March 2001   
Coping 3
Low visibility
     Some days on the slopes start great, finish lousy. Those deep blue skies fill slowly, innexorably with clouds. First the sky and then the skier's world become white. The sparkle disappears, so do shadows, details. Visibility gets worse and worse until, finally, you just don't feel like skiing any more. Runs that are a piece of cake in sunshine, are suddenly full of snow snakes, invisible bumps and unseen obstacles. Gray light. Flat light. A noman’s land of low visibility, low-performance skiing. Who needs it?

While such conditions may well signal a retreat to the base lodge for well-earned schnapps, even that home run can be a long and frustrating experience. It's nice to have a few tricks up your parka sleeves for coping with low visibility skiing conditions. You can get quite good at it. And, yes, low-visibility, flat-light skiing or worse, no-visibility skiing, can even be fun.

Although a number of goggle/glasses manufacturers promise that their super amber formula lenses can lift the fog, be warned. No glasses I've tried work perfectly, though the best ones certainly help. Lenses at the yellowish end of the spectrum do tend to bring out a little extra relief in the snow because they absorb extra amounts of blue light (a component of whatever faint shadows may still exist in flat, grey light). With some sort of yellowish, yellow-brown, or orangish lenses as a first step, you're ready to start stacking other cards in your favor.

First look for trees, and then ski as close to them as possible. Near the forest, at the side of runs, you'll be surprised to see much more detail in the snow. Lines, tracks, shadows, lumps , it's all there; but twenty or thirty feet out in the middle of the run, the snow surface becomes a uniform textureless gray-white. On big western mountains like Mammoth or Whistler, or in Europe, this means skiing as low as possible, below tree line, and avoiding the high treeless slopes of the "alpine zone."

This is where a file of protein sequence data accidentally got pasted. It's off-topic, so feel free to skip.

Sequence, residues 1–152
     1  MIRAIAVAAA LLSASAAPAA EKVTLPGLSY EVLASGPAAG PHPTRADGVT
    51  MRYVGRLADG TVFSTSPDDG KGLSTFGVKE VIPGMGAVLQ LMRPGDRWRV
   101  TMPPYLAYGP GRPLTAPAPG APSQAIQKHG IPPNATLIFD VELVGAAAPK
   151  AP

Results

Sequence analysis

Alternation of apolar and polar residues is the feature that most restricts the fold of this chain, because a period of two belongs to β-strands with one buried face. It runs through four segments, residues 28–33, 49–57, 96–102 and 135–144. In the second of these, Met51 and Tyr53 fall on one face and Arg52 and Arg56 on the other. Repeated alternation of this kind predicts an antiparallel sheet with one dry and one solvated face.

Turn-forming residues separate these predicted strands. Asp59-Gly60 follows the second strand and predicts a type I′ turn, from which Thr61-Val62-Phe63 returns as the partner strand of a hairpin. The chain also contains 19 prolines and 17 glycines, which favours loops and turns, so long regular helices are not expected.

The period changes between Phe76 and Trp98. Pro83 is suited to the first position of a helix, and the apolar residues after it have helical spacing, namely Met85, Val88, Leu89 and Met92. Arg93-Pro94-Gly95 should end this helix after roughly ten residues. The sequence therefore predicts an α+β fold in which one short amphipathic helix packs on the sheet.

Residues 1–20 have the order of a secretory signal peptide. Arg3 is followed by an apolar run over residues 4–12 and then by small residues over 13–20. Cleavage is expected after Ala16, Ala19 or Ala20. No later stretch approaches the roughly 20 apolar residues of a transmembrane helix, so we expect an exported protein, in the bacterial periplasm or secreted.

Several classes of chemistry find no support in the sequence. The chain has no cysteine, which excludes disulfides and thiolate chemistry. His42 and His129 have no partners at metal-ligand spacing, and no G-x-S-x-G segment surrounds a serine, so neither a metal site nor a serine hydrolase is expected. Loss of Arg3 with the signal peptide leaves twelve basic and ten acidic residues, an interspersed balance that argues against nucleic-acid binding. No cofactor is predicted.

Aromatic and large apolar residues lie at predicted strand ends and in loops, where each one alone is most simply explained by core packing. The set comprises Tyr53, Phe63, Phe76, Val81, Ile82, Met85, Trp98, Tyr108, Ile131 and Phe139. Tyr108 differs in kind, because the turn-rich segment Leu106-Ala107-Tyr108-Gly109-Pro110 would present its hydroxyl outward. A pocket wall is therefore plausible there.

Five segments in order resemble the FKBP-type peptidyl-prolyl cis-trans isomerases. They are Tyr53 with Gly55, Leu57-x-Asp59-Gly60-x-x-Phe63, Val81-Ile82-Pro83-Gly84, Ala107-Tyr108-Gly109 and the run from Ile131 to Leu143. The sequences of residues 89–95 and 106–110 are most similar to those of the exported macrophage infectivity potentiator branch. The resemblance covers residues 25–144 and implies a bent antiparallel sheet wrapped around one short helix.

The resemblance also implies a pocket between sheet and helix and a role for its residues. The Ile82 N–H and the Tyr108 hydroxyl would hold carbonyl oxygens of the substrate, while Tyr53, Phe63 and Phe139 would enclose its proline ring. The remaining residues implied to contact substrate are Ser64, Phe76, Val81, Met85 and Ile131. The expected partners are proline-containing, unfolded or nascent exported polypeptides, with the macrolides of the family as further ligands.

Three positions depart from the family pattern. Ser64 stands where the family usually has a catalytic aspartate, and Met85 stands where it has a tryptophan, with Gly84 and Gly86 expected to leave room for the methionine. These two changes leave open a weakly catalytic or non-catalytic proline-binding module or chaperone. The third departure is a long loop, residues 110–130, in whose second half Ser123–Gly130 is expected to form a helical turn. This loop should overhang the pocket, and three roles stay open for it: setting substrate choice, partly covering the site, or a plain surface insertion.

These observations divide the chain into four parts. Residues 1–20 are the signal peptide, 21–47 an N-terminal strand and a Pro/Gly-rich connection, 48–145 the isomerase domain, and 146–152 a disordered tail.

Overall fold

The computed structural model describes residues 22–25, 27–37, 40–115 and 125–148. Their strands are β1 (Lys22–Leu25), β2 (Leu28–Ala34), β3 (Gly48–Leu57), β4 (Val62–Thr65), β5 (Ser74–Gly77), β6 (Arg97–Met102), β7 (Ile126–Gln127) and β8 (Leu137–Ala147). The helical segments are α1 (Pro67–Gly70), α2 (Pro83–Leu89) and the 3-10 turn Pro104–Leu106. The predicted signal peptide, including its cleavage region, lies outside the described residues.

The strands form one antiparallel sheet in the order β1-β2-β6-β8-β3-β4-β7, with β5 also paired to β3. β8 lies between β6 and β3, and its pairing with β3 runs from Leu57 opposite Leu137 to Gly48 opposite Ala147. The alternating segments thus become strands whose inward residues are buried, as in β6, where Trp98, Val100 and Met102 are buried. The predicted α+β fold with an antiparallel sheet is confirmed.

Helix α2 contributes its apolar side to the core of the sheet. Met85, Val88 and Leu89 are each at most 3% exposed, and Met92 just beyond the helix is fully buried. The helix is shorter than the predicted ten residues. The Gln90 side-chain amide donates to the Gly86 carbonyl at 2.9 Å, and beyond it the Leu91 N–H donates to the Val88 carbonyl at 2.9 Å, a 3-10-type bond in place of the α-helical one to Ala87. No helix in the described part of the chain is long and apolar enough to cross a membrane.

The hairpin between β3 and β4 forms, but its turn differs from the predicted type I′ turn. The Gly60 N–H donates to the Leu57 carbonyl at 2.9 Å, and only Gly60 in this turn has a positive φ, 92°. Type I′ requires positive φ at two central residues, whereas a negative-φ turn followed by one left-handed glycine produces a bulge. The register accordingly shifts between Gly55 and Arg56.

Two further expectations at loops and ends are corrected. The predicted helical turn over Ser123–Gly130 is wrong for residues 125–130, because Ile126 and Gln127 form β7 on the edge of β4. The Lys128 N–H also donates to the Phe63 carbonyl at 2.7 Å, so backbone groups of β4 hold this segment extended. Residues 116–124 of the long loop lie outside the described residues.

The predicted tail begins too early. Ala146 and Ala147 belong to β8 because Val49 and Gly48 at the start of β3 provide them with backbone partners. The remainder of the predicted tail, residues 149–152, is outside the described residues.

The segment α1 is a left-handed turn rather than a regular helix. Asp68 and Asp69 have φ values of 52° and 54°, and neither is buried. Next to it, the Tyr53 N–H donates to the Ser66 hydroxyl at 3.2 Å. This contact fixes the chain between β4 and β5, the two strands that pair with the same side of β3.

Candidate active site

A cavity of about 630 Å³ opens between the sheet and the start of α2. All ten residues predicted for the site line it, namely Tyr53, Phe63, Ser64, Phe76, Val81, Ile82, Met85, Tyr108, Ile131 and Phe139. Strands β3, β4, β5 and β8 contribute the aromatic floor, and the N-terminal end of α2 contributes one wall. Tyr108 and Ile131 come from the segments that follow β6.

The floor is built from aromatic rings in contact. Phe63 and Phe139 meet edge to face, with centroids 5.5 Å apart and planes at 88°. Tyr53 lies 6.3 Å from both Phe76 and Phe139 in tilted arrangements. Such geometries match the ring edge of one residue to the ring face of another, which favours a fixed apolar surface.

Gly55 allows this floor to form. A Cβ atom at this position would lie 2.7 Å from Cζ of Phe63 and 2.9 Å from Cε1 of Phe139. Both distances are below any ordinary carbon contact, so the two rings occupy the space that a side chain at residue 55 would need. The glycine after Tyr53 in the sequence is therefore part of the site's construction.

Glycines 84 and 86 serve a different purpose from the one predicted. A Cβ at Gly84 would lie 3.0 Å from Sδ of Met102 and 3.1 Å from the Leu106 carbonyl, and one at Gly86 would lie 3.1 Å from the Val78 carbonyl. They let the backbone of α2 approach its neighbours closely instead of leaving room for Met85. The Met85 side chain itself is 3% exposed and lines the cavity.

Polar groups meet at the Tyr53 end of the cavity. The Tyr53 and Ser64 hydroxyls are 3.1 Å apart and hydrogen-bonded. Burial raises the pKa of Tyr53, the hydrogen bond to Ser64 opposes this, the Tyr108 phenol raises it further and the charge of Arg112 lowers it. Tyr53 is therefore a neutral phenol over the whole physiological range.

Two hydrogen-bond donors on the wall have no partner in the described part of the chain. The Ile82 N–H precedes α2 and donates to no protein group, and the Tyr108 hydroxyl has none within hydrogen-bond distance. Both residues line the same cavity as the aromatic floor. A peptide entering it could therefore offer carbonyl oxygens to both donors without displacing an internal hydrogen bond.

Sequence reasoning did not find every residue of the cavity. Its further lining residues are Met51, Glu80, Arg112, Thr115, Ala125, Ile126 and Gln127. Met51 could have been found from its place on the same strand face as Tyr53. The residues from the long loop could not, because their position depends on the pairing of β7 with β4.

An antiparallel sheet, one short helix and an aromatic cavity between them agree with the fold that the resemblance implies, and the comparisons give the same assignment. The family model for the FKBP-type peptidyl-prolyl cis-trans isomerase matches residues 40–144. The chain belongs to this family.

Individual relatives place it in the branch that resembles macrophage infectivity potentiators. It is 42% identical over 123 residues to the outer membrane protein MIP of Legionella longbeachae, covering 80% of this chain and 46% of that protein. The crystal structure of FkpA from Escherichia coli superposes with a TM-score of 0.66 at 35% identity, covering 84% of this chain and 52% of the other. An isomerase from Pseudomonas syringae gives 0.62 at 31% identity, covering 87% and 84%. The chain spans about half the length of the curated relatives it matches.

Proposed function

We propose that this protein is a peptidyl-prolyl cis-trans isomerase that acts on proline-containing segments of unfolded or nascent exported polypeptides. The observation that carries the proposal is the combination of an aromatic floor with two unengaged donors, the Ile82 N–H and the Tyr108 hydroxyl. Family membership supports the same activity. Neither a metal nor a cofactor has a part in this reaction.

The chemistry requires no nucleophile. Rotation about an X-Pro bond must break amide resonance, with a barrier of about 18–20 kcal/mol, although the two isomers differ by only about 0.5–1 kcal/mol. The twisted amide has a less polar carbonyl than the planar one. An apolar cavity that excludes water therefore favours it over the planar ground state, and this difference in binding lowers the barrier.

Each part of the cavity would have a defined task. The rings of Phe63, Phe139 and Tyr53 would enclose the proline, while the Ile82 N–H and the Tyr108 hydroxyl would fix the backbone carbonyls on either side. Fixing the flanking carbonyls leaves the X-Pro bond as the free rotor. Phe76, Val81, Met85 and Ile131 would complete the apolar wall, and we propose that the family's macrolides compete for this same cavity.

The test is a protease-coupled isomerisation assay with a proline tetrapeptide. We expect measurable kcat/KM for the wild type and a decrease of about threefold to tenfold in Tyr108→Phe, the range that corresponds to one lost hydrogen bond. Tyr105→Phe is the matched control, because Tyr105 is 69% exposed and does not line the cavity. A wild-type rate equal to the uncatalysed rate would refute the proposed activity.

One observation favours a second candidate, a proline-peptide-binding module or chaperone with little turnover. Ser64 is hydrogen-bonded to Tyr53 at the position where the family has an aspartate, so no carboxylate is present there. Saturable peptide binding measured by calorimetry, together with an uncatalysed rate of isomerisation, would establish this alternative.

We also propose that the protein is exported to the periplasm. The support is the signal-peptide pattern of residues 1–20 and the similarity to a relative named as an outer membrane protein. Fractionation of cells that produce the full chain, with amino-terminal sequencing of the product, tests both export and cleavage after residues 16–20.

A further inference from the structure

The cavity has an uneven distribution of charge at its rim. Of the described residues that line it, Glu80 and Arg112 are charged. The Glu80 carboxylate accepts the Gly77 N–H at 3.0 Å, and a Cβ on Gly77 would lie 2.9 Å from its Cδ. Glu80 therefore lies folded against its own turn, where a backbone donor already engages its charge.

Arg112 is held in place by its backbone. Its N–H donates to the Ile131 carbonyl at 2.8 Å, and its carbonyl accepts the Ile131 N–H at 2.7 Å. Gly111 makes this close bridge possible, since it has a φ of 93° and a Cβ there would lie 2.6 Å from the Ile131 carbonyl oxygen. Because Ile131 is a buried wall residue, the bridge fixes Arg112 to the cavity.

Second, you'll want to use your ski poles far more than you do on days of perfect visibility. How? Well, not just to start new turns, but more like a blind person's cane. I tap the snow incessantly with my poles in flat-light conditions; especially during my turns; and especially with the outside pole. This provides me with constant kinesthetic feedback to replace the loss of visual balance clues. Tapping the snow doesn't tell you exactly what the almost-invisible terrain underfoot is really like, but it does provide you with a series of miniature "propping-up" actions to keep you in balance. Without a clear visual horizon and sharp visual clues, a skier's balnce is the first thing that goes.

Another similar way to use your poles for kinesthetic feedback in flat light, is simply to drag them in the snow. This doesn't "re-stabilize" you the way that constant nervous tapping does, but it will tend to keep you from leaning too far to the inside . The important thing is simply to keep your poles in contact with the snow — not to think about what sort of information this gives you. Skiers can process and utilize this extra kinesthetic feedback almost unconciously. You will simply feel more secure, less hesitant, if you "overuse" your poles on flat, gray days.

Finally, don't hesitate to shadow (or follow closely) other skiers who appear more confident in the low-visibility situation than you are. Often they may simply know the run better, and you can observe their movements, especially their legs, as they encounter invisible bumps and obstacles in front of you — and adjust accordingly. Not too close, please, leave a little room, just in case a "snow snake" gets your "guide." It could turn into a case of the blind leading the blind. . . into a double pile-up.

Like most of the problem situations discussed in this series on coping, flat light just plain isn't fun. We'd all rather ski in sparkling, picture-postcard conditions. But the right glasses, hugging the trees, and more active ski poles can help tame the beast.

   March 2001  
photo above:
following the piste markers down into dense fog, St. Moritz, Switzerland.
photo © Linde Waidhofer
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© Lito Tejada-Flores unless otherwise credited.